With this first wave of international success came a downside, Heath felt he was at risk of being typecast into shallow teen-movie roles, and turned down numerous scripts over the next year, his increasingly low finances forcing him to live on noodles and water.

His resolve paid off though when he was cast alongside Mel Gibson in millennium success The Patriot. Ledger played Gabriel Martin, the son of Gibson’s Benjamin Martin, which went a long way in shaking his ‘toy boy’ image and established him in Hollywood as a well-rounded actor.

Along with his latest step up the showbiz ladder came relationships. The first came during the filming of A Knight’s Tale in Prague when Heath met actress Heather Graham (Austin Powers 2) but it went on for only a few months.

In 2001 Ledger began a two year relationship with the star of The Ring Niomi Watts after they met on the set of Ned Kelly. The American, 10 years older than Mr Ledger, was unphased by the age gap: “I think it’s about life experience and not about age. I fell in love with a soul and a person, and his life experience was rich enough that it stimulated me.”

By 2004 Ledger had faded a little from the spotlight as The Sin Eater (a.k.a. The Order) floundered at the box office and he focused more on his private life. The filming of Brookeback Mountain the same year threw Ledger together with Michelle Williams, with whom he had a serious two year relationship and his daughter Matilda.

The film itself had been often dubbed ‘that gay cow boy movie’ in the industry since the story had been floating around for years before it was taken on by the director of Crouching Tiger, Hidden Dragon, Ang Lee.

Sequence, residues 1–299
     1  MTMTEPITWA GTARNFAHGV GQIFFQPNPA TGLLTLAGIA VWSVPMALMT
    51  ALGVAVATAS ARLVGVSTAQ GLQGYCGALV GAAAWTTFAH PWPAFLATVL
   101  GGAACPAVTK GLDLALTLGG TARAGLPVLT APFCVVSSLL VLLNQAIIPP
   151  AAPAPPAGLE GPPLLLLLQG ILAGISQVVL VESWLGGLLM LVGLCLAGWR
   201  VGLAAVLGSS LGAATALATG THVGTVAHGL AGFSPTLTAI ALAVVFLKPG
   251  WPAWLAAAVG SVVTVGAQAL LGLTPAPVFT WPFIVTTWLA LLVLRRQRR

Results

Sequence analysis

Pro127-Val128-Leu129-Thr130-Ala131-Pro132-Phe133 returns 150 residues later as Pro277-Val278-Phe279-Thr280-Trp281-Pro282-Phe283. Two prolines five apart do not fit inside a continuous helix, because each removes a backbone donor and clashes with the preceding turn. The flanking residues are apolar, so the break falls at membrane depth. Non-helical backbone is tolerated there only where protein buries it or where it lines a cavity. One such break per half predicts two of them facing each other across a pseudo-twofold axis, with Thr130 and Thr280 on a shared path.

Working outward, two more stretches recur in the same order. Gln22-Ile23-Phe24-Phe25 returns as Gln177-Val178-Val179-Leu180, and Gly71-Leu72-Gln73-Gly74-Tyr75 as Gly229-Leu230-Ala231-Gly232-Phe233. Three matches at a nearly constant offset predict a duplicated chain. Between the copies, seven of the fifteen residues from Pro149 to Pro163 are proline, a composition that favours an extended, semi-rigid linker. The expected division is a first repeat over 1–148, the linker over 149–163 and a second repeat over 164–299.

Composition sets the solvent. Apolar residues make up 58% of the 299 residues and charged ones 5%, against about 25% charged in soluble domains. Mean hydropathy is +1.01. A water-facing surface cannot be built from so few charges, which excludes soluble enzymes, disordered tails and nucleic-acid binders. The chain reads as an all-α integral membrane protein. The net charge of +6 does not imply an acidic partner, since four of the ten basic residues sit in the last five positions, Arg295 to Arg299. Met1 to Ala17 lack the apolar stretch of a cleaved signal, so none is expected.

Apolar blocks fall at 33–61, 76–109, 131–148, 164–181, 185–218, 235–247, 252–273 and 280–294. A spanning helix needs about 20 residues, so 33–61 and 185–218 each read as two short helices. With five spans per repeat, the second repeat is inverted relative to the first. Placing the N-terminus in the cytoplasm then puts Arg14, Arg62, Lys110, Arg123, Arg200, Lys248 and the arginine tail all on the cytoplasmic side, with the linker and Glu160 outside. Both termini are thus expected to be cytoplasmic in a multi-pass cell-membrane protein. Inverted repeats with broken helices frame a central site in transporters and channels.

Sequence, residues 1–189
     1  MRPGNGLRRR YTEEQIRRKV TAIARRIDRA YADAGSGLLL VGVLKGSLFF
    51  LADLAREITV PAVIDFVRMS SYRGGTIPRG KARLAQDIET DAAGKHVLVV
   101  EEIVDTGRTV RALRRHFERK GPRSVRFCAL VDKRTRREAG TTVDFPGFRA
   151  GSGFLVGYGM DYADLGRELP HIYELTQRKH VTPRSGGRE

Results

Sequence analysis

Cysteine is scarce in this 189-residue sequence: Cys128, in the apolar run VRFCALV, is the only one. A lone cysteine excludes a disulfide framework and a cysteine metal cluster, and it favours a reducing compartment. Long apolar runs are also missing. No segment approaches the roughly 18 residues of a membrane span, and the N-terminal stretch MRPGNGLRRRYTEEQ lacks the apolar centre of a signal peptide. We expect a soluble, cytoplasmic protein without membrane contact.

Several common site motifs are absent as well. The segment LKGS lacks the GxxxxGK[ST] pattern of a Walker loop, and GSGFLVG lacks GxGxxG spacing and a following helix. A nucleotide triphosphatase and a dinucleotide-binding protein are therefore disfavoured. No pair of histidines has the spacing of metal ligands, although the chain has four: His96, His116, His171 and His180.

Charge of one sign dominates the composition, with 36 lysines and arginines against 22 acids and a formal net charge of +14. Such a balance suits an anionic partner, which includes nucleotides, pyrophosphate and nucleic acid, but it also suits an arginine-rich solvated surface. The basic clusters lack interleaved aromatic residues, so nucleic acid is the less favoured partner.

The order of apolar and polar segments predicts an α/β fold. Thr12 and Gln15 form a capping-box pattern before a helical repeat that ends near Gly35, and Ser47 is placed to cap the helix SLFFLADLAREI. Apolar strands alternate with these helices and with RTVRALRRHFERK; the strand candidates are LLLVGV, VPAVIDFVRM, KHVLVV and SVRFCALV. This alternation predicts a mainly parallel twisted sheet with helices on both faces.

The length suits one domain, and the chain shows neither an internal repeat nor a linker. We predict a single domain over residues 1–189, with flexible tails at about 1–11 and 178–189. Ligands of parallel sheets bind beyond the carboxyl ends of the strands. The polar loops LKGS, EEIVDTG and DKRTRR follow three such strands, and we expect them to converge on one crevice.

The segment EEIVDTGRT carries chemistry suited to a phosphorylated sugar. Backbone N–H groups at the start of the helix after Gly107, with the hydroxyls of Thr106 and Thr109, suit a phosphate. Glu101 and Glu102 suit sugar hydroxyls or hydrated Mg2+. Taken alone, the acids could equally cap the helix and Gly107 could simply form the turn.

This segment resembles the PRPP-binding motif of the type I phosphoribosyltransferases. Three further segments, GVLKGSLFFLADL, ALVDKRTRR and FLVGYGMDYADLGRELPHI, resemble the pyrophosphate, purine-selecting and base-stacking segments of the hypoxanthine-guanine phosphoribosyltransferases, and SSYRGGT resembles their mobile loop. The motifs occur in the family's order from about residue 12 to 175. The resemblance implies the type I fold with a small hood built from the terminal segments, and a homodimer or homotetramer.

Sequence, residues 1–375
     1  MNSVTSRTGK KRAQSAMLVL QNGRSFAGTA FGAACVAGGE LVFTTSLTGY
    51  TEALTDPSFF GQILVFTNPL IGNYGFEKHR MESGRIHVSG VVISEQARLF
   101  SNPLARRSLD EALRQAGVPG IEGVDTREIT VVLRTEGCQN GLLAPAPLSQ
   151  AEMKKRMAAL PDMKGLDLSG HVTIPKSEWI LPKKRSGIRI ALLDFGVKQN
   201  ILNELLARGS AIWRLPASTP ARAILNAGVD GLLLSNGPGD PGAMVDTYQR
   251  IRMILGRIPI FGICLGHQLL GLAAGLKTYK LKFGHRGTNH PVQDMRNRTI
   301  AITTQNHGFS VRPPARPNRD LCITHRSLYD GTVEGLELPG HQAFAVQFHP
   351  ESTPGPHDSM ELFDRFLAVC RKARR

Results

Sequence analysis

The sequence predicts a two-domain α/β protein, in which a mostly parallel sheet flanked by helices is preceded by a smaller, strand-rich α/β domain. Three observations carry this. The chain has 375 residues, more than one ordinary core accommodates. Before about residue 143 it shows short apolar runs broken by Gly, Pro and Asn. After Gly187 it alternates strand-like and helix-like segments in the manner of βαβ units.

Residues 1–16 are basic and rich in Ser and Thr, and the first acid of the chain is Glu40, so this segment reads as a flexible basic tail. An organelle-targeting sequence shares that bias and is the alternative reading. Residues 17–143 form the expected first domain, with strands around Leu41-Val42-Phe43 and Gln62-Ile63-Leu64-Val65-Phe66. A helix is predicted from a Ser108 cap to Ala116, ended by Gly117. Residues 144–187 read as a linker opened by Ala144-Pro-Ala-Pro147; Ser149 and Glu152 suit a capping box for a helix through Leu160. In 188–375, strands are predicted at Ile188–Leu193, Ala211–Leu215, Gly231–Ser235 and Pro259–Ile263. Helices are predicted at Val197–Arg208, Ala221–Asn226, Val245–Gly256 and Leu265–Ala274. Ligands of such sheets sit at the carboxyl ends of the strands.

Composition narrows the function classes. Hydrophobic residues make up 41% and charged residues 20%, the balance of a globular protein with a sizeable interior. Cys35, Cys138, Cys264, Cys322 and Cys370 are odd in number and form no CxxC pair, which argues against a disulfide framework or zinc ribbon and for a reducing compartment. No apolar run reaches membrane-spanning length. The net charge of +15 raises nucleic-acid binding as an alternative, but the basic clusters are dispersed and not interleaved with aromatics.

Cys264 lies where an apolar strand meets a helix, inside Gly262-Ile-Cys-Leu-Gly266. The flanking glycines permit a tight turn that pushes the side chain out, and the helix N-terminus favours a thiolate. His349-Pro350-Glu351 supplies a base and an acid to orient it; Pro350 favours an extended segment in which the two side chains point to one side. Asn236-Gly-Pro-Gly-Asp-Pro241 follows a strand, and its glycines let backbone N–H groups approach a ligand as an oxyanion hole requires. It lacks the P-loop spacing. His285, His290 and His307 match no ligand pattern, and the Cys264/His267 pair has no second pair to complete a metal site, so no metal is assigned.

Ledger teamed up with Jake Gyllenhaal, who’d previously auditioned for his part in The Patriot, in a story which earned him the Best Actor Oscar Nomination and Best Supporting Actor nominations for his co-stars Gyllenhaal and Williams. Unfortunately for the cast, the films only win was Best Director.

Soon after the media frenzy surrounding Brookeback Mountain died down, Ledger was approached and asked to portray one of the most iconic villains of all time: The Joker.

Seemingly epitomised by Jack Nicholson in Tim Burton’s original Batman film in 1989, Ledger made it clear he wasn’t going to try to ‘do a Jack’ and would play a far darker and more psychotic character, in line with director Christopher Nolan’s gritty re-vision of Gotham City in Batman Begins.

Internet servers went into meltdown when the first picture of how Ledger would look in the film found its way onto the internet in May 2007, and every trailer, poster and interview since has had fans and critics alike ripe with curiosity as to how it will turn out.

However history remembers him there is no doubt that the death of such a young actor is significant, particularly in such delicate times with the recent strikes and the annual Screen Actors Guild Awards.

To his fans in particular, Heath Ledger will remain a symbol of the achievements of the film industry in recent years and proof that the talent seen in glory days of Marlon Brando and Cary Grant’s Golden Age live on through the performances of young actors and actresses.